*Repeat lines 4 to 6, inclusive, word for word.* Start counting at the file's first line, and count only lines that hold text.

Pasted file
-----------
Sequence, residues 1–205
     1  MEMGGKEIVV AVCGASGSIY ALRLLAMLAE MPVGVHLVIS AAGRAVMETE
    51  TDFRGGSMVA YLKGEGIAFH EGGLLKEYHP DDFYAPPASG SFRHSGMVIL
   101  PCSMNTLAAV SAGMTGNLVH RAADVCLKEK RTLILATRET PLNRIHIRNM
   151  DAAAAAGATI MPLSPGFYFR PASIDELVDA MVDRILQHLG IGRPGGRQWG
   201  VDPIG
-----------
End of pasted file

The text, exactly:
   101  PCSMNTLAAV SAGMTGNLVH RAADVCLKEK RTLILATRET PLNRIHIRNM
   151  DAAAAAGATI MPLSPGFYFR PASIDELVDA MVDRILQHLG IGRPGGRQWG
   201  VDPIG